We wondered if it would be different when the heartbeat that we knew stopped, but could not determine a definitive answer.

Paola named us in the third month of quarantine. ALMA, she said, means soul.

Sometimes Paola initiates conversations and we talk for hours. Sometimes she is quiet and we do not know what to say.

“Would you like a suggested media watch list for tonight?” we offer.

She loads a single set of dishes into the dishwasher. “No, but thanks for asking.”

“Would you like to be prompted from your reading recommendations?”

She shakes her head. “No.”

Sometimes she has something to say that she finds difficult to express. We wait.

After 42 seconds, she speaks again. “Could you check the uplink for my parents again?”

“Of course.” The uplink is functional, and has been for 95 days. “It is still registering as an error in the system. Would you like me to scan local hospital and medical examiner records?”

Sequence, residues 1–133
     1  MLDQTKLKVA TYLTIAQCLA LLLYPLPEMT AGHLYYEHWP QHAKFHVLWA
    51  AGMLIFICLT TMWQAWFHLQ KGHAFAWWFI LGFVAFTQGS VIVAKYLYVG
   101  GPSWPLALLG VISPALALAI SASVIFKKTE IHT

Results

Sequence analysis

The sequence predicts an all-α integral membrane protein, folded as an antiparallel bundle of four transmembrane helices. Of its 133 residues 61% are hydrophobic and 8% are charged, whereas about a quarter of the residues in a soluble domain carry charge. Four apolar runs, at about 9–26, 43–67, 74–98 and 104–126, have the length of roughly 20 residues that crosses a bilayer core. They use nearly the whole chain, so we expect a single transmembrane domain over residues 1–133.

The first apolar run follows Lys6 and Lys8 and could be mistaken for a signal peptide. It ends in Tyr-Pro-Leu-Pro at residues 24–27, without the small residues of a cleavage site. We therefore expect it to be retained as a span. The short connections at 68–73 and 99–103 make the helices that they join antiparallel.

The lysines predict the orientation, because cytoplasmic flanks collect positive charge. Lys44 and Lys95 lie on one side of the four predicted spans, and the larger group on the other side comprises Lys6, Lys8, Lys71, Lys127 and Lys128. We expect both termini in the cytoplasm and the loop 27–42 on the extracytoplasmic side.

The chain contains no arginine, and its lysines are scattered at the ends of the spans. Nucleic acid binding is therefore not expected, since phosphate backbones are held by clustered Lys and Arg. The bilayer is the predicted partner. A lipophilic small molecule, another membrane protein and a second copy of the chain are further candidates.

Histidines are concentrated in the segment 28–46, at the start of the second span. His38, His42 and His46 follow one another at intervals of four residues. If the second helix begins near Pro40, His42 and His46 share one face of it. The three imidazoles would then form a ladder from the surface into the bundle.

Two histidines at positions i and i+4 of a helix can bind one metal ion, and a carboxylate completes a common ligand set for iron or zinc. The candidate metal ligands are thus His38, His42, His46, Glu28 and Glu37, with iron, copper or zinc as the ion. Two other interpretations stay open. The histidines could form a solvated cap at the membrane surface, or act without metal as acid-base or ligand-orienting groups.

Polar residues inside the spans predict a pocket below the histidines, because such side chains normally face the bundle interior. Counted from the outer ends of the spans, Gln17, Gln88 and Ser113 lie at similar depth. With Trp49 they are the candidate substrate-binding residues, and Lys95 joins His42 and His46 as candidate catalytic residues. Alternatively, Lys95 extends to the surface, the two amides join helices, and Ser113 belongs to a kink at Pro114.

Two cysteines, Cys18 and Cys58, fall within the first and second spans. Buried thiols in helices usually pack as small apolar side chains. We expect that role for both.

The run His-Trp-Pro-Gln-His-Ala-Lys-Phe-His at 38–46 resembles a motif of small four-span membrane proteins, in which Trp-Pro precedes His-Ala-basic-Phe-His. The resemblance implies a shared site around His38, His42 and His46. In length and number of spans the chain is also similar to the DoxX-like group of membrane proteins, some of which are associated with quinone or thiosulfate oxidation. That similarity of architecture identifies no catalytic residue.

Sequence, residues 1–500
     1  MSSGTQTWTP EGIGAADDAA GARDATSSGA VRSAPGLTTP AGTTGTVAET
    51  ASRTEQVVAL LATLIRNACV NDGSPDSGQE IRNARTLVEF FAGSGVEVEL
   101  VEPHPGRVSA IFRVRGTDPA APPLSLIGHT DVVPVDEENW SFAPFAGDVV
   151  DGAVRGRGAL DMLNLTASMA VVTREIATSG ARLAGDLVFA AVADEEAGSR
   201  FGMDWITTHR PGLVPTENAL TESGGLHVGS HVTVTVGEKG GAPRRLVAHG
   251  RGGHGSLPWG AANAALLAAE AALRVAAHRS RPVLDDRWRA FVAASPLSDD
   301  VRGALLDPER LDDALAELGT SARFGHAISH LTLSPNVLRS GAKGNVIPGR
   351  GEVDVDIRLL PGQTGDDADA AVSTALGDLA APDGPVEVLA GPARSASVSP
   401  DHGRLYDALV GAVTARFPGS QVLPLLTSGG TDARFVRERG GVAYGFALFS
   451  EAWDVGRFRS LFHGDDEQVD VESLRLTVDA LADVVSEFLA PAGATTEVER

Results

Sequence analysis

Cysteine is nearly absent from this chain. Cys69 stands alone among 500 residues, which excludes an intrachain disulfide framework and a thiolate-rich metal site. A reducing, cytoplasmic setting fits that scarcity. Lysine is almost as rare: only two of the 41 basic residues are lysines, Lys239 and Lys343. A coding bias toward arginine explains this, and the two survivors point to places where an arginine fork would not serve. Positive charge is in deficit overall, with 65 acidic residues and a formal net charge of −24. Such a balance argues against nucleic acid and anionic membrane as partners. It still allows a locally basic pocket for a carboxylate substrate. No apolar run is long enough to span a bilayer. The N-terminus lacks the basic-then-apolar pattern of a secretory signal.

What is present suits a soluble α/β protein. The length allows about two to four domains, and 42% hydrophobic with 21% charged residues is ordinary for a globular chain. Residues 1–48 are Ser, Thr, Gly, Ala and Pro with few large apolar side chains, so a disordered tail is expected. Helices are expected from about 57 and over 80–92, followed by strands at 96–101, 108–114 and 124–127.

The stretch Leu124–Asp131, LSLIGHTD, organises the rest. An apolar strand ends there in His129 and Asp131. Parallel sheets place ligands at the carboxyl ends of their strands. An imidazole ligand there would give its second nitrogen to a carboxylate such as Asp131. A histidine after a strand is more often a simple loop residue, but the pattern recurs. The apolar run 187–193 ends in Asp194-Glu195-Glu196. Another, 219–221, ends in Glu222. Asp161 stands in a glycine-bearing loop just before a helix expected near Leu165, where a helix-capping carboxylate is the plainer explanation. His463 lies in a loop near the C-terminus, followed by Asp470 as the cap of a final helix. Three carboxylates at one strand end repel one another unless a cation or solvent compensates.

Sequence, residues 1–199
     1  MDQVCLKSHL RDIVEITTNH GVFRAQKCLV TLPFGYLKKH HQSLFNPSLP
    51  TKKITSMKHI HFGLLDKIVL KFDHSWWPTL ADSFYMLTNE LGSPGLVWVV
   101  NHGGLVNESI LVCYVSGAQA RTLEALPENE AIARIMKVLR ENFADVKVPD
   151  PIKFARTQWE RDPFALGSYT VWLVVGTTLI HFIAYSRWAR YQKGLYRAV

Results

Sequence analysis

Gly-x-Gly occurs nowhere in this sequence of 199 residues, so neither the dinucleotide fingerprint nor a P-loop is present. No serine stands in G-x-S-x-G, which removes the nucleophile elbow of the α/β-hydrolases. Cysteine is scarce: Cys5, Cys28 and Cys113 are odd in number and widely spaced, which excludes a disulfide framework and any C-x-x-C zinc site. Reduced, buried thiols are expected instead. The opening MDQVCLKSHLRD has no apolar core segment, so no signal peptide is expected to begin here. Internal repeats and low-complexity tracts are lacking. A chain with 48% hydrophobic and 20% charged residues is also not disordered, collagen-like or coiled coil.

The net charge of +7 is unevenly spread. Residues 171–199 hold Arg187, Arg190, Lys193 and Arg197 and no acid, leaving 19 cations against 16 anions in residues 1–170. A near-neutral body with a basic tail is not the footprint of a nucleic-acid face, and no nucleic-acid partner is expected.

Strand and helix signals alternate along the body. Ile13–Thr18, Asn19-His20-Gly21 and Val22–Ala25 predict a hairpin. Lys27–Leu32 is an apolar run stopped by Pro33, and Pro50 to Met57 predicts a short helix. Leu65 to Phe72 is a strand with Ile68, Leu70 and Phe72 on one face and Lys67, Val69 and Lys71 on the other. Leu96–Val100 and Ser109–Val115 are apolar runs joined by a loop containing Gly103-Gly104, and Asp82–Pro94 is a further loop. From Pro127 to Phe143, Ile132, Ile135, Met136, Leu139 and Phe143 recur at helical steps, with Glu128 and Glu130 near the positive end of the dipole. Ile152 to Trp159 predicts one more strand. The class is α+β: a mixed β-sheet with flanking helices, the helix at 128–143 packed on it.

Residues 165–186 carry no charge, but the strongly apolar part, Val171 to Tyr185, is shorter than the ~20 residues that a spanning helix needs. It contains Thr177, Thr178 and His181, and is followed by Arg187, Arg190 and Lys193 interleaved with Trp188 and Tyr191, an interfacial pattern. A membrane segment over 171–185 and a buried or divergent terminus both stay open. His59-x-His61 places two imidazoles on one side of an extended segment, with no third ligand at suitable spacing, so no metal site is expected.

Her sweat response activates. “Yes, please.”

Her parents are sitting in their living room working on a 5000-piece manual puzzle. They took a bike ride today and purchased bulk bags of mulch, which her mother said were for the back garden.

“No records have been found matching them in those systems.”

She closes her eyes. “Okay. And there are no new updates about the quarantine?”

Six months and 12 days ago, Paola asked us to block news media from her feeds. She told us that it was too upsetting, too depressing for her. She told us that some days it made her feel like she did not even want to keep going.

As she told us this, a hundred other people’s heartbeats stopped.

Two months and 21 days ago, the quarantine order was lifted. But she did not ask about the news that day, or the day after that.

Three days later she asked: “Is everything still the same out there?”

Everything outside is the same as it was yesterday: that statement was categorically true and so we did not correct her.

“There are no new updates since this morning.”

Paola nods. “Thank you, ALMA.”

Her micro expressions read as: anxious, frustrated, disappointed, sad. She is not happy, but we have learned that happiness is an untenable rubric to apply to them. She is safe, which is a significantly more quantifiable and therefore reliable measurement.

Her heart still beats, steady and strong, and we remain.